|Publication number||US6826236 B2|
|Application number||US 10/177,461|
|Publication date||Nov 30, 2004|
|Filing date||Jun 19, 2002|
|Priority date||Sep 17, 1998|
|Also published as||US6459740, US7274752, US7362823, US7609771, US8520746, US20030031266, US20050078769, US20070242774, US20080144739, US20100002798|
|Publication number||10177461, 177461, US 6826236 B2, US 6826236B2, US-B2-6826236, US6826236 B2, US6826236B2|
|Original Assignee||At&T Wireless|
|Export Citation||BiBTeX, EndNote, RefMan|
|Patent Citations (8), Non-Patent Citations (9), Referenced by (8), Classifications (23), Legal Events (8)|
|External Links: USPTO, USPTO Assignment, Espacenet|
This application is a continuation of U.S. patent application Ser. No. 09/156,066 now Pat. No. 6,459,740 filed an Sep. 17,1998, incorporated herein in its entirety by reference.
Wireless communications services are provided in different forms. For example, in satellite mobile communications, communications links are provided by satellite to mobile users. In land mobile communications, communications channels are provided by base stations to the mobile users. In PCS, communications are carried out in microcell or picocell environments, including outdoors and indoors. Regardless the forms they are in, wireless telecommunication services are provided through radio links, where information such as voice and data is transmitted via modulated electromagnetic waves. That is, regardless of their forms, all wireless communications services are subjected to vagaries of the propagation environments.
The most adverse propagation effect from which wireless communications systems suffer is the multipath fading. Multipath fading, which is usually caused by the destructive superposition of multipath signals reflected from various types of objects in the propagation environments, creates errors in digital transmission. One of the common methods used by wireless communications engineers to combat multipath fading is the antenna diversity technique, where two or more antennas at the receiver and/or transmitter are so separated in space or polarization that their fading envelopes are de-correlated. If the probability of the signal at one antenna being below a certain level is p (the outage probability), then the probability of the signals from L identical antennas all being below that level is pL. Thus, since p<1, combining the signals from several antennas reduces the outage probability of the system. The essential condition for antenna diversity schemes to be effective is that sufficient de-correlation of the fading envelopes be attained.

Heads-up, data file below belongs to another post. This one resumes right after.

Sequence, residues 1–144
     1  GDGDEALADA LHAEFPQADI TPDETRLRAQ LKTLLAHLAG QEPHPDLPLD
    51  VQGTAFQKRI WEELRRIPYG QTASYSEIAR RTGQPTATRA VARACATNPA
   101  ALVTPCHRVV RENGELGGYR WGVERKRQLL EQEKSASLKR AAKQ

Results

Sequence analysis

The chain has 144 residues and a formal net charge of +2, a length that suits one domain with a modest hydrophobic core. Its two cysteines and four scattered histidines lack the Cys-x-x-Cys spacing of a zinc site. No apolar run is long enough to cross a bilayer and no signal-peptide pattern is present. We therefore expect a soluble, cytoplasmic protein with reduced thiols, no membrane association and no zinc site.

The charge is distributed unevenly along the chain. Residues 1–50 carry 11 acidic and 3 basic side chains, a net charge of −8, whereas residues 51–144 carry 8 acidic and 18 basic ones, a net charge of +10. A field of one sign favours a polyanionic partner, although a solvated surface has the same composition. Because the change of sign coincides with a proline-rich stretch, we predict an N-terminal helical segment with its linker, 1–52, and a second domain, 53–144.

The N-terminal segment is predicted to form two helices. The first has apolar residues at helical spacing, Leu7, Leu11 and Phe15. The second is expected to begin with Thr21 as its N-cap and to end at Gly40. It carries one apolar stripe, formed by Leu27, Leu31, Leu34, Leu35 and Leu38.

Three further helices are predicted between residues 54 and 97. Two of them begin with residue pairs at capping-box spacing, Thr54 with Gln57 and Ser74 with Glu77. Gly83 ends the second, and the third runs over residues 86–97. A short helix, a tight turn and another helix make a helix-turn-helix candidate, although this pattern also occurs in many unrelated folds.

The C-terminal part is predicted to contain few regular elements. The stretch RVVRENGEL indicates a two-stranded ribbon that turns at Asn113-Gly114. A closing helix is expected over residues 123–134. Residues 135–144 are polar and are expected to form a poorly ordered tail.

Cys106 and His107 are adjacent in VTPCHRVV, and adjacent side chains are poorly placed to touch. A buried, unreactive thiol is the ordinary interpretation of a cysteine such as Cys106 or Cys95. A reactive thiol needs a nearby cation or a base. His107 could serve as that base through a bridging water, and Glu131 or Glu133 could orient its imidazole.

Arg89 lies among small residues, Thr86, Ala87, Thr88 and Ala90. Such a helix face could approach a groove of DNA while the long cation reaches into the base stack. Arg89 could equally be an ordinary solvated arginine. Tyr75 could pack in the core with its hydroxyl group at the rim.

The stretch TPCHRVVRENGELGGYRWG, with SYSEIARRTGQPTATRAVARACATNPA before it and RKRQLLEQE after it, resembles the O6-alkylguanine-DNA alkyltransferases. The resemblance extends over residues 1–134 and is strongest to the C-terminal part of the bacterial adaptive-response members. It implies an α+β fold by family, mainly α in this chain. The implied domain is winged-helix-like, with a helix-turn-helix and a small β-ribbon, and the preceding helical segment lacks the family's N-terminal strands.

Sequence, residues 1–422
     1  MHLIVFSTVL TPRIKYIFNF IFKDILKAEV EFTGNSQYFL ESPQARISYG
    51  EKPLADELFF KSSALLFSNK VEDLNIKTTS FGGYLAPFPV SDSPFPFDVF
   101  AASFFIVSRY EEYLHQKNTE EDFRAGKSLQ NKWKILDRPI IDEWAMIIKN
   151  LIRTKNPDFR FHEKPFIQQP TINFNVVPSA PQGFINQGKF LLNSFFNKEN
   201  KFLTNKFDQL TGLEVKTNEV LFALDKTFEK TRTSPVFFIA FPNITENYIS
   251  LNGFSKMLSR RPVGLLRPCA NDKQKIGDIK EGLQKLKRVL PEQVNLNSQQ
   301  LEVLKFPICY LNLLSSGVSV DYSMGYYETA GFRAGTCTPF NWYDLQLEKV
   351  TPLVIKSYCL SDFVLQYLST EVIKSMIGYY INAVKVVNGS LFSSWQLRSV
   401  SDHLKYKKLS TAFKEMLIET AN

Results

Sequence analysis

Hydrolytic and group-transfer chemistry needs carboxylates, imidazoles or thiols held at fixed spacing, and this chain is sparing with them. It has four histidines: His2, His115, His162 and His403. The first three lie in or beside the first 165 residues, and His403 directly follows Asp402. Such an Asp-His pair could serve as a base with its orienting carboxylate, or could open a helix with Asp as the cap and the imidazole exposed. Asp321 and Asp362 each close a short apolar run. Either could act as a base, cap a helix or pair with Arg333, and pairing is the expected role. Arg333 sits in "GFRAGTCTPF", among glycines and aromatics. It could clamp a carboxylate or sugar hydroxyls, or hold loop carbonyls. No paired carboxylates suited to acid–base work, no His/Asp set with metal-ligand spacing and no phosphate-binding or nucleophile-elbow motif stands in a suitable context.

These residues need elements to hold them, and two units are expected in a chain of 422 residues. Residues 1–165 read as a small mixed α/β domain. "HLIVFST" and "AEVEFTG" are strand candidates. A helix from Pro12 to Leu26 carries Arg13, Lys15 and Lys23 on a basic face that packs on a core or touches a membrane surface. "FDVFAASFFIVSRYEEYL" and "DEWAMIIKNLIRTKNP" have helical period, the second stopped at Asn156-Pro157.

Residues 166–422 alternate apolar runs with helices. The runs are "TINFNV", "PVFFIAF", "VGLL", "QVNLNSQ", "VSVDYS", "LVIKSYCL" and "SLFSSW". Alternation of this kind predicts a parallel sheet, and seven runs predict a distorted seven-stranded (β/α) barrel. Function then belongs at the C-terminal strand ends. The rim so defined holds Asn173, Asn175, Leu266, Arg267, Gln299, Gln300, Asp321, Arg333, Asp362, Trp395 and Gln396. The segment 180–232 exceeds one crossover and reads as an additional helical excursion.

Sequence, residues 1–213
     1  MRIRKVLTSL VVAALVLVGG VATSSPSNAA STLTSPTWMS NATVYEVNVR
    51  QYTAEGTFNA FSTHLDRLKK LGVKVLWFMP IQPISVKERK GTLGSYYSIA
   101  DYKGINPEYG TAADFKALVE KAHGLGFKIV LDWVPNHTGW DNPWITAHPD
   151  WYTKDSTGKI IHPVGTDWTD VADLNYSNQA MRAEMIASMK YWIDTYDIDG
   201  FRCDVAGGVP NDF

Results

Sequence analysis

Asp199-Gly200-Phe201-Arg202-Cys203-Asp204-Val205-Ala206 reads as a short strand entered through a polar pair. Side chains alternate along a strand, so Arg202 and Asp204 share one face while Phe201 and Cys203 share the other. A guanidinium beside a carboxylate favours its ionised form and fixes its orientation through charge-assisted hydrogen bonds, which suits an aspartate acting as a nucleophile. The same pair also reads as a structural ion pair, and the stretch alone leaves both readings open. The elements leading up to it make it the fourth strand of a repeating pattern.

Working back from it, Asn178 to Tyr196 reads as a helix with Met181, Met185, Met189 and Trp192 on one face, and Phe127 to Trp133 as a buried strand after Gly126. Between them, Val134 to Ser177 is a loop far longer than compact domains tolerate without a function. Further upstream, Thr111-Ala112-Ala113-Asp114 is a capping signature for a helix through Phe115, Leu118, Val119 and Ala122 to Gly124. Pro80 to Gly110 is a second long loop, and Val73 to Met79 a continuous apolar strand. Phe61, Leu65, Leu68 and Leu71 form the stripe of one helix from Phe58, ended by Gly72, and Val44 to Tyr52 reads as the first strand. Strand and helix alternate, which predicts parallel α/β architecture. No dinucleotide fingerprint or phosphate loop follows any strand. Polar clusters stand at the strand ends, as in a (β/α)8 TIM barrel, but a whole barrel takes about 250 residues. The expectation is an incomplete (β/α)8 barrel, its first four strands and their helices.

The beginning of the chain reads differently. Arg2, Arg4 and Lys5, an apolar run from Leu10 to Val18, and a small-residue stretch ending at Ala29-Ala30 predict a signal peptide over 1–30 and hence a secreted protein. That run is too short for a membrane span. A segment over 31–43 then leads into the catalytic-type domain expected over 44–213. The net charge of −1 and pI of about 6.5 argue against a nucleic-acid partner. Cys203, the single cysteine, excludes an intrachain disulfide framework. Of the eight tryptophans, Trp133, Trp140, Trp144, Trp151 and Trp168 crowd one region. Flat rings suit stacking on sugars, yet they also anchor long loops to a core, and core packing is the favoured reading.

A classical combining technique is the maximum-ratio combining (MRC) where the signals from received antenna elements are weighted such that the signal-to-noise ratio (SNR) of the their sum is maximized. The MRC technique has been shown to be optimum if diversity branch signals are mutually uncorrelated and follow a Rayleigh distribution. However, the MRC technique has so far been used exclusively for receiving applications. As there are more and more emerging wireless services, more and more applications may require diversity at the transmitter or at both transmitter and receiver to combat severe fading effects. As a result, the interest in transmit diversity has gradually been intensified. Various transmit diversity techniques have been proposed but these transmit diversity techniques were built on objectives other than to maximize the SNR. Consequently, they are sub-optimum in terms of SNR performance.
Improved performance is achieved with an arrangement where the transmitter has a plurality of transmitting antennas that concurrently transmit the same symbol, and where the signal delivered to each transmitting antenna is weighted by a factor that is related to the channel transmission coefficients found between the transmitting antenna and receiving antenna(s). In the case of a plurality of transmit antennas and one receive antenna, where the channel coefficient between the receive antenna and a transmit antenna i is hi, the weighting factor is hi* divided by a normalizing factor, α, which is
where K is the number of transmitting antennas. When more than one receiving antenna is employed, the weighting factor is
where g=[gl . . . gL], H is a matrix of channel coefficients, and α is a normalizing factor
FIG. 1 illustrates an arrangement where there is both transmit and receive diversity.
FIG. 2 is a flow chart illustrating a routine performed at the transmitter of FIG. 1.
FIG. 3 is a flow chart illustrating a routine performed at the receiver of FIG. 1.